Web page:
• Trans Nzoia Senator Michael Mbito, the sponsor, said the five-year lull would give investigative agencies time to 'look into their past and tenure as governors'.
• Narok Senator Ledama Olekina has drafted amendments to the Public Audit Act to lock out any governor with extreme audit queries from vying.
Second-term governors intending to contest other elective seats after leaving office in 2022 are facing a three-pronged block that threatens to throw their plans into disarray.
A court ruled that governors intending to run for any seat should resign six months to the polls. Senators are pushing to amend the Constitution, while an Act of Parliament seeks to bar them.
A senator has set in motion an amendment to the Constitution to block the governors from running for a political seat within five years of leaving office. Another is pushing changes to the Public Audit Act to stop those with serious audit queries from contesting.
Last week, Justice Weldon Korir pulled a shocker with his ruling that MCAs, governors or their deputies must resign six months to the 2022 General Election if they intend to run for other seats.
“Not even a governor or deputy is exempted by the provision. The reason is that in the constitutional matrix, governors and deputy governors belong to the same family as MCAs,” the judge ruled.
The court further ruled that the Independent Electoral and Boundaries Commission has no power to authorise a person barred by law to vie for either President or a parliamentary seat.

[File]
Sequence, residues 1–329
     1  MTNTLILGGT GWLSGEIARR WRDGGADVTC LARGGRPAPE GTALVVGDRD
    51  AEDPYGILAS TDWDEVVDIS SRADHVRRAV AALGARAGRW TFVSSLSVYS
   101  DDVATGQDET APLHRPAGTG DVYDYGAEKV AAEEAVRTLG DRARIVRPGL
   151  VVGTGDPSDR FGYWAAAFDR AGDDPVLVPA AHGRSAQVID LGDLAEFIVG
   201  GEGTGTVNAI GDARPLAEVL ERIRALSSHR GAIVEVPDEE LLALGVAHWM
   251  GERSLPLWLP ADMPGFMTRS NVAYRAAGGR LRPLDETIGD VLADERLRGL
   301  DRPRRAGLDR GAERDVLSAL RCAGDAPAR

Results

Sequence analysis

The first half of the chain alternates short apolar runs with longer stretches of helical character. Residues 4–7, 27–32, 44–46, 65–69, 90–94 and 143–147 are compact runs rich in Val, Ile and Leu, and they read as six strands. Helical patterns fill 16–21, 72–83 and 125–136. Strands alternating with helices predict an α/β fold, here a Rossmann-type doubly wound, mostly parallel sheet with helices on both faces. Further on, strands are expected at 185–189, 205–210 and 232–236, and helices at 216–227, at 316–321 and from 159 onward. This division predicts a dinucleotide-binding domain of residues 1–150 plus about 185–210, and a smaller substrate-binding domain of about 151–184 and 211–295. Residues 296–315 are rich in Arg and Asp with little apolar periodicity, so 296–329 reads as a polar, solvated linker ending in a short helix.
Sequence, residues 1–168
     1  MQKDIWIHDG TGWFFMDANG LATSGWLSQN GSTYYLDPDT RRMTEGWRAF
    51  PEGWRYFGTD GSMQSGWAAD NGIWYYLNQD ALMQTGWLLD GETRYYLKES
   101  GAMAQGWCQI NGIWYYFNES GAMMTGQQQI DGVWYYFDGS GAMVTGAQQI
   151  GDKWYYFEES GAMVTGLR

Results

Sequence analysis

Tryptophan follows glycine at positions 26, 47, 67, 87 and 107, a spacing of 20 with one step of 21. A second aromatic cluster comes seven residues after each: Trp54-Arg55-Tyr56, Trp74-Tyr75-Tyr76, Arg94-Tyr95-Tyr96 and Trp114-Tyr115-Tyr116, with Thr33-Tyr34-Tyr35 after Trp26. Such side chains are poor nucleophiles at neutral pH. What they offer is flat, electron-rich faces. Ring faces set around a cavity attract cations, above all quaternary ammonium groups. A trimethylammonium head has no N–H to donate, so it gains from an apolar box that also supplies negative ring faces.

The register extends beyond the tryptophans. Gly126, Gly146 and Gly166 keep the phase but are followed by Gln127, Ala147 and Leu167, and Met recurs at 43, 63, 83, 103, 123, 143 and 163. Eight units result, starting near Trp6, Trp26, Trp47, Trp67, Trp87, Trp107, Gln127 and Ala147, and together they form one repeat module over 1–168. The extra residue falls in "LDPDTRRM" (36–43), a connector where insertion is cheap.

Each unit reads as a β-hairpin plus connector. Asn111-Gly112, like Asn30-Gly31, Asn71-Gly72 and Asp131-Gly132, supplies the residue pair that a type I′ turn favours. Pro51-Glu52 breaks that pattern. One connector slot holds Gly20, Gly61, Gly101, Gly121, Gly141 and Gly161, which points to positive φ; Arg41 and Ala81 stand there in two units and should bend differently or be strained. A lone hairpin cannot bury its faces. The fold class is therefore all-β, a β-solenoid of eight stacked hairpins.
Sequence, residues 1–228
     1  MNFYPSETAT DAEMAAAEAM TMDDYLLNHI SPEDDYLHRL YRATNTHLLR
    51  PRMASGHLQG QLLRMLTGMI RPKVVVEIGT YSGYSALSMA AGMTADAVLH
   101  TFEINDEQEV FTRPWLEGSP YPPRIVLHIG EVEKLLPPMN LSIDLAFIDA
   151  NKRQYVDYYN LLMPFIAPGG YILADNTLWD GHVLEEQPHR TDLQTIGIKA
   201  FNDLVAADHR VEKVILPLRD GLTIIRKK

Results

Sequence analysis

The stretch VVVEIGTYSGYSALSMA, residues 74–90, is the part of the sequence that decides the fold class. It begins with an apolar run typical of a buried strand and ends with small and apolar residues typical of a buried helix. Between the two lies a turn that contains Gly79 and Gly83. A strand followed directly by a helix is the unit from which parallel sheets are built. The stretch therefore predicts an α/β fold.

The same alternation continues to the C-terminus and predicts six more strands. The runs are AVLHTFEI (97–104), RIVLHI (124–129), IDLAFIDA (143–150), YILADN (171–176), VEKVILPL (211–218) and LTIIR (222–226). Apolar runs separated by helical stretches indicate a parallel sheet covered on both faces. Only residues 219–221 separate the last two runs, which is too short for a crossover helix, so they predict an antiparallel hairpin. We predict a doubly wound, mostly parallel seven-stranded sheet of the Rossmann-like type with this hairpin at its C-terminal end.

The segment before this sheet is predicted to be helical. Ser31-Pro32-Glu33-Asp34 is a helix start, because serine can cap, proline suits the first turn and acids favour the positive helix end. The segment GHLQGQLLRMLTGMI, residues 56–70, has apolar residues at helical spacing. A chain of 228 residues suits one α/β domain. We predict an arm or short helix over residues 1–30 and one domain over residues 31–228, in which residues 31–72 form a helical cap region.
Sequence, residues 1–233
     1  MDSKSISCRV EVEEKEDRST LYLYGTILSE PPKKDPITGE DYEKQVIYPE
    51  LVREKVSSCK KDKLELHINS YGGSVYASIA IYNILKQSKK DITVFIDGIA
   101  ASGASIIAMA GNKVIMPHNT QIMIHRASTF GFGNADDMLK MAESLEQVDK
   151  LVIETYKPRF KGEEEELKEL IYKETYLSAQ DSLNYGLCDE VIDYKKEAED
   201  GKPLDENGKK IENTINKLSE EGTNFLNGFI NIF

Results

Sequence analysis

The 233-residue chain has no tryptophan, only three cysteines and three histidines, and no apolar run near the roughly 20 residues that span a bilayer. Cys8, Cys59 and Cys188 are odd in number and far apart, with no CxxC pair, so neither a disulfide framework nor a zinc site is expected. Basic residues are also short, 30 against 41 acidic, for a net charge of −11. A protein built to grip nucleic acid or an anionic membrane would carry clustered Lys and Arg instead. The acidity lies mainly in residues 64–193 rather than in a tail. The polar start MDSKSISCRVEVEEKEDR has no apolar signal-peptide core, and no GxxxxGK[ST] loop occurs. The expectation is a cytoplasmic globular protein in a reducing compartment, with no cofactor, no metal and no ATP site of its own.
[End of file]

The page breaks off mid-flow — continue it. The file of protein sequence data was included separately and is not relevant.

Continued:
The ruling comes at the time the Constitution of Kenya (Amendment) Bill, 2020, that bars governors from running for political office within the first five years after leaving office is set to be introduced in the Senate.
“A person who has served as a county governor shall not be eligible to be elected as President, Member of Parliament or member of a county assembly within the first five years immediately after the end of the term of service,” reads the bill amending Article 180 of the Constitution.
Trans Nzoia Senator Michael Mbito, the sponsor, said the five-year lull would give investigative agencies time to “look into their past and tenure as governors” charged with managing billions of taxpayers’ money.
“My feeling is that many governors want to vie for other positions, including President and senator, just to cover their past mistakes,” he says.
And in the latest move, Narok Senator Ledama Olekina has drafted amendment to the Public Audit Act to lock out any governor with extreme audit queries from vying.
“If you look at the Public Audit Act, it calls for accountability. Section 31 of the Act read together with Article 179 of the Constitution demands accountability,” Olekina said.
He added, “To make it easy, we have to amend the Act. If you read of the adverse opinion, it means that the financial statements have been misrepresented. A disclaimer means they have not provided the information to the auditors. So we cannot allow that. We must demand accountability.”
They county chiefs have opposed the ruling and push to bar them from contesting, saying the moves are unfair, discriminatory, double standards and unconstitutional.
“Why do they fear governors who want to run for presidency? Maybe it is because they know we are the best solution to this country because we understand the problems of mwananchi on the ground,” Machakos Governor Alfred Mutua said.
Mutua is among the 22 governors who are serving their second and final constitutional term in office. Some have declared intentions to run for various seats in 2022 including that of President.
Mutua, Wycliffe Oparanya (Kakamega), Hassan Joho (Mombasa), and Mwangi wa Iria (Murang’a) have declared intentions to run for President.
Edited by Henry Makori